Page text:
Winning games and signing Hamels? Yes, these are the Phillies we remember
There were signs of life from the Phillies this week, on the field (three straight wins) and off (Cole Hamels' new $144 million contract). So maybe this year won't be the beginning of the end for this team, after all. But there are big decisions and big issues still to come.
|Hamels wanted to stay in Philly, and the Phillies wanted to keep him. (AP)|
There were signs of life from the Phillies this week, and signs of life from the crowd Tuesday night at Citizens Bank Park.
Signs of swagger, slowly but surely returning to a team that had lost its swagger as quickly and thoroughly as it lost games during an ugly first half of the season.
Imagine if the fans and players had known that the Phillies were finalizing a new deal for Cole Hamels, a six-year, $144 million deal that was announced Wednesday morning and will keep Hamels off the July trade market and the winter free-agent market.
Yes, these are the Phillies we remember.
They find ways to win games, instead of finding ways to lose them. They find ways to sign their core players, instead of offering them to the highest bidder.
There were times in May and June that this season looked like the beginning of the end for a Phillies group that has been one of baseball's biggest success stories over the last decade.
There were times this week that you began to think this could be the miracle comeback to top their seven games back with 17 to go comeback against the Mets in 2007.
At the very least, the events of the last few days have left the Phillies with some fascinating decisions, for now and into the future.
A few things to ponder:
-- While Hamels would have been by far their biggest trade chip, the Phillies have other players who they could trade by Tuesday's 4 p.m. non-waiver deadline. Several teams have shown interest in Shane Victorino, and they could move guys like Hunter Pence, Juan Pierre and Joe Blanton, too. If they were willing to pay some of the salary, it's not out of the question that they could trade Jimmy Rollins (maybe Oakland) or Cliff Lee (maybe Texas).
On the other hand, the Phillies have won three straight. They never have had a seller's mindset. Maybe now they just give this a few more days and see if a miracle looks any more or less likely then.
Besides, one of the Phillies' selling points to Hamels (along with the $144 million) was that they will always be trying to win. How would it look if they follow up the contract by giving up on this year now?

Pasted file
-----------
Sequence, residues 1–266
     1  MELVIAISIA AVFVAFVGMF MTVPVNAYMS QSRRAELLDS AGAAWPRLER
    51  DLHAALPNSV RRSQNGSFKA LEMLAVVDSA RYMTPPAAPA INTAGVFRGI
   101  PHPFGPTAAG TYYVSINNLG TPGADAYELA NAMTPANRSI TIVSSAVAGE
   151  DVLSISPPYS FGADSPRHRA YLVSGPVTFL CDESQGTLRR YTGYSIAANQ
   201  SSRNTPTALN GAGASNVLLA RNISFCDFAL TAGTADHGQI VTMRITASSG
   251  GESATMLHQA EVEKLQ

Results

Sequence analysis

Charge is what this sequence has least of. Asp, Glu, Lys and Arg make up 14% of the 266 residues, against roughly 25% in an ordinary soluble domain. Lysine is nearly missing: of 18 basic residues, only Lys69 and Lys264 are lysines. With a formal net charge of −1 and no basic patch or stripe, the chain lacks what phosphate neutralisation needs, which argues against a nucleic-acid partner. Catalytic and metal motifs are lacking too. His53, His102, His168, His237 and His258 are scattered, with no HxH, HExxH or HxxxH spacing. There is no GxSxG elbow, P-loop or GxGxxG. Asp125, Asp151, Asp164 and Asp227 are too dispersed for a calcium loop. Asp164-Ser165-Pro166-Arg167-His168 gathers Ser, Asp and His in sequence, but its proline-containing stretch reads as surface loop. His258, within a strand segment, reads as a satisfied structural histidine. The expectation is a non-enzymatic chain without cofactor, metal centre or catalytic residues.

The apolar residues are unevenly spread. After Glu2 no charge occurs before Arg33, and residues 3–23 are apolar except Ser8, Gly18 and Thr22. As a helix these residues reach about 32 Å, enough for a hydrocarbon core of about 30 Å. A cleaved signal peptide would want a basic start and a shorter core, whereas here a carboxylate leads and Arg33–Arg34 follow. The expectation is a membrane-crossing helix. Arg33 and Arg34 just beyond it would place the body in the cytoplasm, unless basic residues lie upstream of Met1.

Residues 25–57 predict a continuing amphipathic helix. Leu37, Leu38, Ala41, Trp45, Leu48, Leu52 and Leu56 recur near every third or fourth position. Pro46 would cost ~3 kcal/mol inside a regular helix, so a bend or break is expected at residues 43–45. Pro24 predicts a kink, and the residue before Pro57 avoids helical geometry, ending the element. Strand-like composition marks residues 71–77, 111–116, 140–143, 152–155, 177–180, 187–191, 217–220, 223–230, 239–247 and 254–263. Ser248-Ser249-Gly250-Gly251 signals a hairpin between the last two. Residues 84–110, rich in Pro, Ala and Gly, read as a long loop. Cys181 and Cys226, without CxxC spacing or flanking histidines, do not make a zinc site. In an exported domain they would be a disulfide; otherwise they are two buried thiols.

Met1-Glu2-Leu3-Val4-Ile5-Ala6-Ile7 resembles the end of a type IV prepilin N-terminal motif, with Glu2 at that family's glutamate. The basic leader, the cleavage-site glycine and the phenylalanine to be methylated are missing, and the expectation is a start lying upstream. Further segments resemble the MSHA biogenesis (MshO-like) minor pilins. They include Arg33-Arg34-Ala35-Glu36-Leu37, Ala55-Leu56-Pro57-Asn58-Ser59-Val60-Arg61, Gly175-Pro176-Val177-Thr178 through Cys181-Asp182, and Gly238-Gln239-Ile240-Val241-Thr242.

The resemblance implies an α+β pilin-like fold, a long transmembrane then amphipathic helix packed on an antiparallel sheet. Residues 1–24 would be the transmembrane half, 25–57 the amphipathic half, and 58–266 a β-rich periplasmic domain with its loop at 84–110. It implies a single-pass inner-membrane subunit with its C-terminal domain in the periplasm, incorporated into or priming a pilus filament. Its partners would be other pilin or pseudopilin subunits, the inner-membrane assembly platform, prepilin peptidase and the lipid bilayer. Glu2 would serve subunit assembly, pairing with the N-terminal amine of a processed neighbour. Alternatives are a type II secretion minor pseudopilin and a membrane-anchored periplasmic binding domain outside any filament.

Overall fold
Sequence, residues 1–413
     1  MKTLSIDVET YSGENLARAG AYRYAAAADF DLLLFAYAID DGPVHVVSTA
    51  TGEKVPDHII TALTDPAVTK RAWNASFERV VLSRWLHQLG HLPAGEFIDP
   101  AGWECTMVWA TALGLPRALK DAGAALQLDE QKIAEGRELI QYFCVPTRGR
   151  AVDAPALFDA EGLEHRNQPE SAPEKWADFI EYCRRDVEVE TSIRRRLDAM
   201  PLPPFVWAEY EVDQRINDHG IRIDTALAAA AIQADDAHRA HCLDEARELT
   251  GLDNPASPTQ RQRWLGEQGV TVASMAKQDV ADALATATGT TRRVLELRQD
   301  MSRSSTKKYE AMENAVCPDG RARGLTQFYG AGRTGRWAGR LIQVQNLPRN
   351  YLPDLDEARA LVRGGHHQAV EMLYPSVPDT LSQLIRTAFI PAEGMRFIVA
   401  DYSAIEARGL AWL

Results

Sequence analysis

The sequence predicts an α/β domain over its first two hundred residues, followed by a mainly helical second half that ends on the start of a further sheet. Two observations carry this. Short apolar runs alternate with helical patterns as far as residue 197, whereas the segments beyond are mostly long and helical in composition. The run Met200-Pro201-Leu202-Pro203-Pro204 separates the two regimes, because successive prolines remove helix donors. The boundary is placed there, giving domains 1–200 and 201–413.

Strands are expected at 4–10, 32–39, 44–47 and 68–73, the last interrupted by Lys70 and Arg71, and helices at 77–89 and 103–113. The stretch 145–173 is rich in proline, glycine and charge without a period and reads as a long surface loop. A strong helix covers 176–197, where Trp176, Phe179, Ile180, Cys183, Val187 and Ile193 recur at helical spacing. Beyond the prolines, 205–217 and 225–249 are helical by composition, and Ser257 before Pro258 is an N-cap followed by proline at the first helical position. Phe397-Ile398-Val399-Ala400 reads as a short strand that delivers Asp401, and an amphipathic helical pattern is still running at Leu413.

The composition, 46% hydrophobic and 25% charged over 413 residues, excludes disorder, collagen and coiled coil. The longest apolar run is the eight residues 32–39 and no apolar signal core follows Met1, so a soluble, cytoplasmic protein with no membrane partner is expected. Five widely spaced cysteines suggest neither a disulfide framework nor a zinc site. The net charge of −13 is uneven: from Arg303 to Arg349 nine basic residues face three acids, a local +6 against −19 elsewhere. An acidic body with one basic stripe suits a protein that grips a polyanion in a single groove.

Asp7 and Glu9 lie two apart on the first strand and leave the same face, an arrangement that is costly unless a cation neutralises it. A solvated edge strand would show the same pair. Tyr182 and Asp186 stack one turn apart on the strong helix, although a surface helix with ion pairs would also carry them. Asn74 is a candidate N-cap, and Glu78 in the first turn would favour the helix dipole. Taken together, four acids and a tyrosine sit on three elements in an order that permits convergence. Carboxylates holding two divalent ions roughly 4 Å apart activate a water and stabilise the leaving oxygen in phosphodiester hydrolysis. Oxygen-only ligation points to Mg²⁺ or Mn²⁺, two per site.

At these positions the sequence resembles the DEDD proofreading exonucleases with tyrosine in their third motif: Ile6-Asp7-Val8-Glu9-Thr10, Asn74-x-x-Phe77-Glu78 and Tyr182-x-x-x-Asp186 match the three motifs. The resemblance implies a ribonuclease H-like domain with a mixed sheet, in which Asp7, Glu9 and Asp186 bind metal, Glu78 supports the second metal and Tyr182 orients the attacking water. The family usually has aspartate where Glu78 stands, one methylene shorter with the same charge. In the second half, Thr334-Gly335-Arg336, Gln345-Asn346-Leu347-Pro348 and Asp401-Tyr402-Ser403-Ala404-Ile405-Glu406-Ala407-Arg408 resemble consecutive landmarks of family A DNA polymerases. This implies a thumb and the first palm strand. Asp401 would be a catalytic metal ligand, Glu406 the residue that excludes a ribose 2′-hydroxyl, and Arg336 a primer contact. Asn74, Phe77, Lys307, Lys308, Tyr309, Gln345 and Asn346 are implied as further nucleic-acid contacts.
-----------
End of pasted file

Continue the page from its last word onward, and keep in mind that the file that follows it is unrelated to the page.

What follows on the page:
-- While the late-inning comebacks make a Phillies miracle seem believable, the reason they had to come back was that Roy Halladay and Cliff Lee allowed six runs to the Brewers on back-to-back nights. Halladay, in particular, doesn't look like himself.
To have any realistic chance, the Phillies would need to go something like 47-18 the rest of the way. How likely is that if Halladay and Lee aren't dominating?
-- The Phillies have money. They pack Citizens Bank Park every night, and they have a new television contract on the horizon.
On the other hand, they now have four players under contract for next year whose average annual salary is $20 million or more (and another, Chase Utley, who will make $15.286 million). Oh, and three of those four players are pitchers (the other is Ryan Howard).
Even with all the revenues, this isn't a team with tons of flexibility.
On the other hand, Shane Victorino ($9.5 million this year) isn't coming back next year, and Joe Blanton ($10.5 million) probably isn't, either. And Hamels was already making $15 million, so it's not like the new deal adds anything close to $20 million a season to the payroll.
It sure would have been nice if signing Hamels had cost a little less. It no doubt would have cost less, if the Phillies hadn't stupidly waited this long to get serious about the negotiations. Still, they have the money, and the important thing was that they did get him signed.
-- If anything, the new deal sets up the Phillies better for the future.
Had Hamels left through a trade or free agency, the remaining top of the Phillies rotation would be a 35-year-old (Halladay) and a 33-year-old (Lee). Hamels is 28, so it's realistic to think he can front the rotation for years to come.
The Phillies still have big money invested in a core that is aging. But Utley and Howard have again looked like impact hitters since coming off the disabled list, and now Hamels can be counted as part of the core going forward.
The future doesn't look nearly as bleak as the picture some had painted at the darkest points in May and June. The Phillies still have issues to solve, but perhaps not impossible issues.
And the present?
This week, it looks a little less bleak. This week, a little of the swagger has returned.
"It will take more than swagger," one Phillies person reminded me Wednesday morning.
True. It's going to take a miracle.
"Miracles have happened," the same person said.
Getting Hamels signed was no miracle, it was just the Phillies doing what they always do.
And, perhaps, it's a step towards a miracle.
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